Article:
Sitemap - A public directory or index of sorts to help users easily access pages of your website. Basically this is a page on your site where you tell users about key pages of your website by listing them in almost an outline format and then linking to those internal pages. This makes your content easier to find by users including search engines.

Social Media Sharing - Your content should not exist in a vacuum. Give people the opportunity to share your content for you. A lot of platforms have this built in or at least available as an add-on. There are also tools like or that make content sharing easy.

Subscribe - Your blog should have multiple means through which users can subscribe to your blog content. These should include email and RSS.


Tag or Tagging - A tag is a bit like a category in that it is another way of classifying blog post. It is a word or set of words that help define what the post is about.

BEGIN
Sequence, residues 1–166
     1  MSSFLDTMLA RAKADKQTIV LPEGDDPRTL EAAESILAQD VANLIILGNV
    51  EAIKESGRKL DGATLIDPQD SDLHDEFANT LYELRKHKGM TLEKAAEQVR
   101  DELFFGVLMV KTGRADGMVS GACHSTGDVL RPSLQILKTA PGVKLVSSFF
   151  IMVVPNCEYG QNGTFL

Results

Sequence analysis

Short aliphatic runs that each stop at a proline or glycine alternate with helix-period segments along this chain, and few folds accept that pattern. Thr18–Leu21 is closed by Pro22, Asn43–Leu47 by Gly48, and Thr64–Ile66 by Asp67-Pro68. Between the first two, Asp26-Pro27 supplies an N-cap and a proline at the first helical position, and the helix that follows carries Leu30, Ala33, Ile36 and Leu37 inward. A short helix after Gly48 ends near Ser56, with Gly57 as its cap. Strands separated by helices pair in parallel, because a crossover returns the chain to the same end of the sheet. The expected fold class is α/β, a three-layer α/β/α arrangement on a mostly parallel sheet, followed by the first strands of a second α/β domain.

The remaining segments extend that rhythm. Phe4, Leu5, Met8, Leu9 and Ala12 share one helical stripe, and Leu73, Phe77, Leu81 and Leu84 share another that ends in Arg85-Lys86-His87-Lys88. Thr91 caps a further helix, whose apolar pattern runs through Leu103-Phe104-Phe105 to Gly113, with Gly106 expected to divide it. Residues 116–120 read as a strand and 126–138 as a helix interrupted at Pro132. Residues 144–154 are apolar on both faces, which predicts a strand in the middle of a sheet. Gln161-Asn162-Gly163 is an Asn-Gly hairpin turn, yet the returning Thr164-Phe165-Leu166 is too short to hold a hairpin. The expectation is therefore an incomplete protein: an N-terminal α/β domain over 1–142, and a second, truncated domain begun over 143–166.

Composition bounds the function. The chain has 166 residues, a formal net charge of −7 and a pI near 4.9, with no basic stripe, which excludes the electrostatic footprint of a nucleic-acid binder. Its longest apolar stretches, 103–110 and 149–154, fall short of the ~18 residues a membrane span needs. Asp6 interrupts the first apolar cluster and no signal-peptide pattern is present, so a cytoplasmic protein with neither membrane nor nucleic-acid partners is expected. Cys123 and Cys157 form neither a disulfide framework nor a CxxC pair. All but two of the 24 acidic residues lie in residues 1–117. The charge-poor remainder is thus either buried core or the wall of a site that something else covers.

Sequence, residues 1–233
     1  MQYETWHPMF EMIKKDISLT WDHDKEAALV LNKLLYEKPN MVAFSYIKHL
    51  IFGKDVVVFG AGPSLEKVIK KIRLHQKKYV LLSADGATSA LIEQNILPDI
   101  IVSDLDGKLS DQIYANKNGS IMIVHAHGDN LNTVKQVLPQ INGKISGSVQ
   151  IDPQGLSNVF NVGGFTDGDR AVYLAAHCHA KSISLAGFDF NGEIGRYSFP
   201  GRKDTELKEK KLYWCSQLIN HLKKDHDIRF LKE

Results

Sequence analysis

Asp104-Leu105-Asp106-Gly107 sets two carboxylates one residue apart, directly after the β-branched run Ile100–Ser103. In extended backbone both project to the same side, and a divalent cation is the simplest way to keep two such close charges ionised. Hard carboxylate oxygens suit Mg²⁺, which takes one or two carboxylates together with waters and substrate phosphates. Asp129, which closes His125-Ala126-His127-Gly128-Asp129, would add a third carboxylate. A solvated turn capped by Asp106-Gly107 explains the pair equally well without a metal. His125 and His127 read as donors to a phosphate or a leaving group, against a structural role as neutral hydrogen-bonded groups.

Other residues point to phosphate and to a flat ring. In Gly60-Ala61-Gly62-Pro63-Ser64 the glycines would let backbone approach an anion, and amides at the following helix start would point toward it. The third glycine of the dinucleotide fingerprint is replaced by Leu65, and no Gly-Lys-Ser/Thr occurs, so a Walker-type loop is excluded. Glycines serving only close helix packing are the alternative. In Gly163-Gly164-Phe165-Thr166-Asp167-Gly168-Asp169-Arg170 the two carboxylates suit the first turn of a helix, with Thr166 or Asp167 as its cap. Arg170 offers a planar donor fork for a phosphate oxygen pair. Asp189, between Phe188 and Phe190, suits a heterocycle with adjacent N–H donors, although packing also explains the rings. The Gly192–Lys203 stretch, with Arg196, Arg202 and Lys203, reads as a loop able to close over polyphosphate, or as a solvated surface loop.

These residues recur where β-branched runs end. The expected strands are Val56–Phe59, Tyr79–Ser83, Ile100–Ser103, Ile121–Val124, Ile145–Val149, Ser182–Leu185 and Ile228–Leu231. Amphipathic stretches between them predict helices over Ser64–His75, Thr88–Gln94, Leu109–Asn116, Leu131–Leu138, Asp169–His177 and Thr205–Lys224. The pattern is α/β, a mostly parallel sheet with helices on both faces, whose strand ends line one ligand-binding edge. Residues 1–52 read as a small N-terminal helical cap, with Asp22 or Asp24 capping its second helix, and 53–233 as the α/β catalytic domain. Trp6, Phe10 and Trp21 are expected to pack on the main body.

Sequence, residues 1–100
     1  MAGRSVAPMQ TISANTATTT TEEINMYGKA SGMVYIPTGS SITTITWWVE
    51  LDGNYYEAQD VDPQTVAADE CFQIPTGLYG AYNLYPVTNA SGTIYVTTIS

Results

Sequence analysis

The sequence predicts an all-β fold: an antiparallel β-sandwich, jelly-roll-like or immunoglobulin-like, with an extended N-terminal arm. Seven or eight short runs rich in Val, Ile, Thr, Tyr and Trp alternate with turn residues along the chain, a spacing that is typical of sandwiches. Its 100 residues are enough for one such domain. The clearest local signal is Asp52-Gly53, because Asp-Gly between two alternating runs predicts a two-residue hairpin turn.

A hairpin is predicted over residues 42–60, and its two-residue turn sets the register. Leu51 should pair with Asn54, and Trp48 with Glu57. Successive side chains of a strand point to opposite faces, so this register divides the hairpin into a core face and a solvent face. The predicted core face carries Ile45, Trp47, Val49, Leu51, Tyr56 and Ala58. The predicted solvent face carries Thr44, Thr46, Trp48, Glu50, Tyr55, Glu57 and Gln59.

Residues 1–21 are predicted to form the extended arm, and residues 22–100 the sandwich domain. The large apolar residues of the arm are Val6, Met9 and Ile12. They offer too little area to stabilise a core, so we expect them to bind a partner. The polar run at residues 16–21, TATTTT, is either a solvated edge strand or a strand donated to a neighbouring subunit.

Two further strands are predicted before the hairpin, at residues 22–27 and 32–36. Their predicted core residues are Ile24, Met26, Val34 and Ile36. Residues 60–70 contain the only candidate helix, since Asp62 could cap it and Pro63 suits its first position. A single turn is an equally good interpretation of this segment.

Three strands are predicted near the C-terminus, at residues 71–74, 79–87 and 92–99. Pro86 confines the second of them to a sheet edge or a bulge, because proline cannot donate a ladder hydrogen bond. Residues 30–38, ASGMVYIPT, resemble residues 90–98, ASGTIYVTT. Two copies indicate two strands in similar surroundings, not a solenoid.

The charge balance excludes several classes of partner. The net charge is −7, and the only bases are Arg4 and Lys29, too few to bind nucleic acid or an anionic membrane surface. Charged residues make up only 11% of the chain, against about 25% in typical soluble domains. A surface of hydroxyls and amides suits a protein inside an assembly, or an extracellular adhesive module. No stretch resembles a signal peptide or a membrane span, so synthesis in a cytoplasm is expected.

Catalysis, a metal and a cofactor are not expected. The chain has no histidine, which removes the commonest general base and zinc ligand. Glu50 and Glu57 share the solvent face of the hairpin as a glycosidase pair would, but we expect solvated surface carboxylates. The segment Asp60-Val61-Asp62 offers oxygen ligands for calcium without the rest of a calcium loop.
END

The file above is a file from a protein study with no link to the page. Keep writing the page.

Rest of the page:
Tip: Think of it like a filing system and these are your folder labels.

Title or Subject - The title of your page is frequently an H1 tag.


URL - This is short for Uniform Resource Locator ... say what? Basically this is the address of a piece of information that can be found on the web such as a page, image or document.


Widget or Module - Areas of your website that are uniquely designed to stand out and commonly found in the side bars of your website (left or hand side of a page). Within a CMS these are easily interchangeable sections that often provide links, call to actions or other helpful resources.


.XML Sitemap - A file you can use to publish lists of links from across your site. This is easily generated and there a lots of free tools out there to help you generate this sort of file. Sitemaps do not guarantee all links will be crawled, and being crawled does not guarantee indexing. However, a Sitemap is still the best insurance for getting a search engine to learn about your entire site.